Experience Mexico
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Hotels and Motorcoach

Hotel Incidental Charges:

If you wish to incur any extra room charges for room service etc., it is necessary to provide a credit card to the hotel before doing so, and be sure you settle the account before departure.

Room Assignments:

Room assignments are made at random.  Please verify this at the beginning of the tour. Your Tour Director will be happy to fulfill your request, although no guarantees can be made.

Seat Rotation:

To ensure fair and equitable seating for all tour members, seating on the motorcoach will be rotated once a day in a clockwise direction.  Rotation will take place regardless of the number of passengers.  Your Tour Director will explain the procedure.


Personal handbags and carry-on luggage are your own responsibility at all times.  For the comfort and safety of all tour members, any piece exceeding 18” in length must be checked and transported in the luggage compartment under the coach.

Video and Photography


Most museums will allow cameras, but some will not allow flash photography, especially on ancient stonework and murals since it can damage the work. Typically, you will see signs written in Spanish and English that will advise you at each location and your A Closer Look Tour director will warn you as well.


When photographing the local people always ask their permission first.  In some regions the locals may be very accustomed to photographers and may ask for a fee.  In more rural area/populations they may just want you to show them the photo after it’s been taken.  Your A Closer Look Tour director will advise of the local customs.

Government and other Official Installations:

It’s best not to photograph the army or any military installations to avoid any misunderstandings.  While visiting locations included in your itinerary A Closer Look Tours typically has obtained permission in advance, but it’s always best to check with your A Closer Look Tour director.


When a service is taking place it is considered disrespectful to take pictures.  For some itineraries A Closer Look Tours has obtained permission in advance.  Your A Closer Look Tour director will always advise of the scenarios in advance.

Phone Calls in Mexico:

Please be aware that telephone calls can become considerably expensive from the hotel rooms, even if you are using a calling card or a toll free number.  Cell phone reception is very broad in Mexico, however your cell may not have service if you have not specifically added Mexico through your carrier.  It is advisable to check your roaming and data coverage with your provider before departing for Mexico.

Special Diets:

The hotels and restaurants will do their best to comply with special diets.  If you have a special request, you should request it when you make your reservation and your Tour Director should have that information.

Money exchange:

The official currency of Mexico is the Peso; however, with the exception of US coins.  US currency is accepted in some places, mainly on the hotels. Please keep in mind that you will be receiving change in pesos. Your Tour Director may be able to assist you in this matter also.  Visa and Master Card are accepted at professional business only.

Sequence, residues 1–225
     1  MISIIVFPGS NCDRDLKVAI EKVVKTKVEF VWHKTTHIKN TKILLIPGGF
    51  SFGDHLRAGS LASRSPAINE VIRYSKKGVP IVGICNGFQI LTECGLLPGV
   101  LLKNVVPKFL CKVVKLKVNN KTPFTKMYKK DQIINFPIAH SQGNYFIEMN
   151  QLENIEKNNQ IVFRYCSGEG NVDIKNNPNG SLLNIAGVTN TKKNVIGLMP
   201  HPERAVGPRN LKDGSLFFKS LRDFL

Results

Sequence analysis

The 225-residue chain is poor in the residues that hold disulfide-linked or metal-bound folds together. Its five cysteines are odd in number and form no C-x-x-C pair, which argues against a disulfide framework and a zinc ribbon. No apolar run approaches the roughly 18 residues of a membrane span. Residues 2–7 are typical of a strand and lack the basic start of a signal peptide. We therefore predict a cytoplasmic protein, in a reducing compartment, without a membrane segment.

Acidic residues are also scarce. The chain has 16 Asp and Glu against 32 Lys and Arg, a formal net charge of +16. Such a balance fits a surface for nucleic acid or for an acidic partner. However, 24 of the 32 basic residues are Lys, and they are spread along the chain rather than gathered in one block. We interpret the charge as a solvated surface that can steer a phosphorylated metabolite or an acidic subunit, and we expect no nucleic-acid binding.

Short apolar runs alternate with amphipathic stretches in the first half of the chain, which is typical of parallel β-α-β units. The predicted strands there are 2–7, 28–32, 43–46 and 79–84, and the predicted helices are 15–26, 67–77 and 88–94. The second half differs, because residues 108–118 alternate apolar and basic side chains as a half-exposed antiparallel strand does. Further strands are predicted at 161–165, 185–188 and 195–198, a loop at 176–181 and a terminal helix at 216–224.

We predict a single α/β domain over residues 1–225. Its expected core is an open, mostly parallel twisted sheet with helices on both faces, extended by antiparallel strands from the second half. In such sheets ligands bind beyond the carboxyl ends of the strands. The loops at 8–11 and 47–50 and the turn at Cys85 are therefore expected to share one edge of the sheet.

Tipping in Mexico

Tipping is common in the United States and Mexico and practiced frequently at most service establishments.

When you are traveling in Mexico, always keep some loose change in your pocket because you never know when you’re going to need some of it for a tip.  In Mexico, not only is it customary, it is expected and appreciated in return for good service.  Most of A Closer Look Tours itineraries include tips for server, maids, bellmen, performers, etc.  Additional tips are always welcome if you see fit.  Tips for Drivers and Escorts are typically not included in the package. As an industry standard, $6 per day and $4 per day for the Escort and Driver respectively are recommended.

Bargaining in Mexico

Shopping at local markets in certain regions can be a very rewarding experience.  In certain regions especially along the border Mexican traders enjoy bargaining, but beware: if they feel you are trying to devalue their goods too much, they will become upset and may even refuse to trade with you.  Among some indigenous populations however, bargaining is considered extremely disrespectful.  It’s always best to ask the advice of your A Closer Look Tour director before assuming the practice is acceptable.

Speaking Spanish

If you speak Spanish (even broken Spanish) most Mexican’s take it as a compliment that you attempt to communicate in their language. Most hotel staff has at least a basic understanding and usage of English.  If something comes up and you don’t feel comfortable or you feel there is a language barrier, your A Closer Look Tour director will be happy to assist you.


We carry purified water while on the coach. In addition, we make multiple stops that afford an opportunity to purchase additional water if you need it.  We strongly recommend the use of the purified water in your room. All restaurants and hotels that are included in A Closer Look Tours itineraries use purified water and ice.


Mexico’s electricity system is the same as that of the USA: 120 V; 60 Hz.  If you are coming to Mexico from a country that uses a different socket type, e.g. the UK or Europe, you will need to bring electricity socket adapters with you.  People visiting from the U.S.A. do not need to bring socket adapters as the plug fittings in Mexico are identical to those in the U.S.A.